One of the most effective means of enhancing the value of an apartment or house is through "cosmetic" renovations. These types of improvements are, ostensibly, surface upgrades that address the appearance of a property, rather than such structural changes as replacing or tearing down walls. Assuming the infrastructure is sound, cosmetic improvements will help increase the value of your property, whether for purposes of sale or to simply provide an environment that meets your personal standards. Moreover, these improvements prudently constitute preventative maintenance, which saves both money and aggravation in the long-term.
Before embarking upon any home improvement projects, however, I recommend mentally organizing your space by separating the "public" and "private" areas. Picture the public areas as the living room, dining room and entry foyer - anywhere guests are welcome. The private areas will then comprise bedrooms, bathrooms, kitchens, studies and the like.
This exercise helps to delineate the space and make you more aware of what works and what doesn't. It gives you a clearer idea of the circulation patterns in a room, which evolve through the physical set-up of the space, as well as the placement of the furniture. The natural traffic flow that is derived from these factors will determine how well a space is being used or how inefficiently, such as underutilized public space that could be converted into storage.
Most importantly, when approaching cosmetic renovations take the time to determine which upgrades are worth implementing and which expenses are worth incurring. Such "face" value items as new bath fixtures, shower enclosures, kitchen appliances and cabinetry will not only make a home appear more attractive, it makes these areas more efficient, thus increasing value. Lighting is another element that will have a strong impact upon the appearance of a home. Other details such as hardware and accessories help to create an integrated picture. And the curbside appeal of refinished doors, newly painted walls and a good paint job are all key components of the overall presentation. Even a generic storage system adds panache and makes everything appear more modern.
Whether prepping a home for purposes of sale or a more comfortable environment, the goal is to create a home that shows well at first glance. Therefore, the changes should be consistent, which precludes patchwork for walls or floors. Moreover, if you are putting a property on the market, then don't bother re-furnishing with something that someone else will remove and you can't take with you. Common sense is a major component of this process.
No matter what the size or scope, all projects require forethought, which requires preparing a comprehensive plan, i.e., a Master Plan, which covers everything from project goals to the sequencing of the construction. Document your ideas and plans, so that the vendors understand your requirements. The less information left to interpretation, the more likely the work will be executed correctly.
Co-op and condo owners need to contact building management regarding regulations, guidelines and alteration agreements. Although cosmetic work doesn't require a permit, building management will have alteration guidelines that cover the times when the work may be implemented, criteria for deliveries, etc.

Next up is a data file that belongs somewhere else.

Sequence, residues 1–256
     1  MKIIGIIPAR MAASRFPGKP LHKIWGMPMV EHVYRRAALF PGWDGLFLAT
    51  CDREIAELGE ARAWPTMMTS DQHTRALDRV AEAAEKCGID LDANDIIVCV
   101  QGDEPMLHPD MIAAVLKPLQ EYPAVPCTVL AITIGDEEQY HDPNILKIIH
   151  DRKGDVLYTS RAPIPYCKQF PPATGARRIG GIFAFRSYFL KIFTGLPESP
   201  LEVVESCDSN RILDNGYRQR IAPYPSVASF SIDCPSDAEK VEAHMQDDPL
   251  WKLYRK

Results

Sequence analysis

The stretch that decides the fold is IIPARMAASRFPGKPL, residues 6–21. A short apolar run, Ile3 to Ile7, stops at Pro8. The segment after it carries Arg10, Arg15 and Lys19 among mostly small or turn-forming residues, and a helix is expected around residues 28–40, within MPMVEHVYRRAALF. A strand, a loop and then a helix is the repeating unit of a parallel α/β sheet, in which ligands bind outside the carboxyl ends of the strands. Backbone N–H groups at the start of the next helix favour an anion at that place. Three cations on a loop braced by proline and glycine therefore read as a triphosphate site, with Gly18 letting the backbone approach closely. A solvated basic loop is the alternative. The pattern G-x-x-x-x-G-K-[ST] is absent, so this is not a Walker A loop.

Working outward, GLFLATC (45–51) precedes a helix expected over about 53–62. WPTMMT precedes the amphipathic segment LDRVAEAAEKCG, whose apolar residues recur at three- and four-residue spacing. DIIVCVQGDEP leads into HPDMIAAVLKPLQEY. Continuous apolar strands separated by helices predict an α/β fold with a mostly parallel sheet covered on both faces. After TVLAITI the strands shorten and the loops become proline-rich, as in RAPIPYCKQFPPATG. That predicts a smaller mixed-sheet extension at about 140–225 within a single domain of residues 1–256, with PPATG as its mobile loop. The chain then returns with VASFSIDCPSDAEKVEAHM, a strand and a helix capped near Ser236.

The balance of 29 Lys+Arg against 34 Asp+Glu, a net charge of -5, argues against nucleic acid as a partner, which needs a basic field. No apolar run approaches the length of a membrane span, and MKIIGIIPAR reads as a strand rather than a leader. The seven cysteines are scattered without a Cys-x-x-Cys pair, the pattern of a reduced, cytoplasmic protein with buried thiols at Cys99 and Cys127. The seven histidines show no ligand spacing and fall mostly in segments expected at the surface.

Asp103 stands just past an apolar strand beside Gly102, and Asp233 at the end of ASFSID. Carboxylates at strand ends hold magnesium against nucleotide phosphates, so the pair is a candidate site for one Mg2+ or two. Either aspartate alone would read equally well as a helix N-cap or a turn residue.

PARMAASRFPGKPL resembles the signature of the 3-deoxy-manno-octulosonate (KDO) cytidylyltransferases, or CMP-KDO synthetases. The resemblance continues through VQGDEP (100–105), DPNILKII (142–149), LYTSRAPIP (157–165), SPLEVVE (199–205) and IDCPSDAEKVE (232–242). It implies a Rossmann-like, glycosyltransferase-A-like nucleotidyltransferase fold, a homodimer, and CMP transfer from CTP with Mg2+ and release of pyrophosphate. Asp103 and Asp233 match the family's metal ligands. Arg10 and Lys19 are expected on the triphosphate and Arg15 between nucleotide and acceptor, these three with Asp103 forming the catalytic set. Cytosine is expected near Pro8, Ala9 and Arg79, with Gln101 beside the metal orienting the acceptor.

Once a Master Plan is established, you'll have the information needed to discuss your project with contractors and workmen. Contractors are usually found through word of mouth or the building manager. Reputable ones may also be located in reference guides such as the Blue Book of Building & Construction (www.thebluebook.com) and The Franklin Report (www.franklinreport.com) or check out The Cooperator's Official Directory of Co-op and Condo Services (www.cooperator.com), accessible from the home page.
During the interviewing process, be sure to request references and ask to see their work. Arrange to meet with the project or construction manager, too, since that is who will be at the site - your home - on a daily basis. Finally ask to see their Certificate of Insurance to see what kind of coverage they have. Building management will also need to see the Certificate of Insurance stating both the general contractors' name and the "also insured" parties on the policy, which will be in effect for the duration of the project.
Once you are satisfied with the estimate, proposed scope of work, professional background references, personalities, etc., it is time to get a schedule of the work to review and approve. If all goes well and the contract meets your approval, you are generally responsible for an initial payment of 10 percent on materials at signing. Subsequent payments will be based on the work that is completed only.
To complete your project, make sure you sign off on the completed punchlist, then request a waiver of liens for payment, a one-year warranty and a guarantee on the work performed, as well as on the appliances and fixtures.
There are many benefits to cosmetic renovations because they tend to be shorter projects and less expensive. But preparation and planning are still critical to the process. Always think before you build and you'll do it right the first time.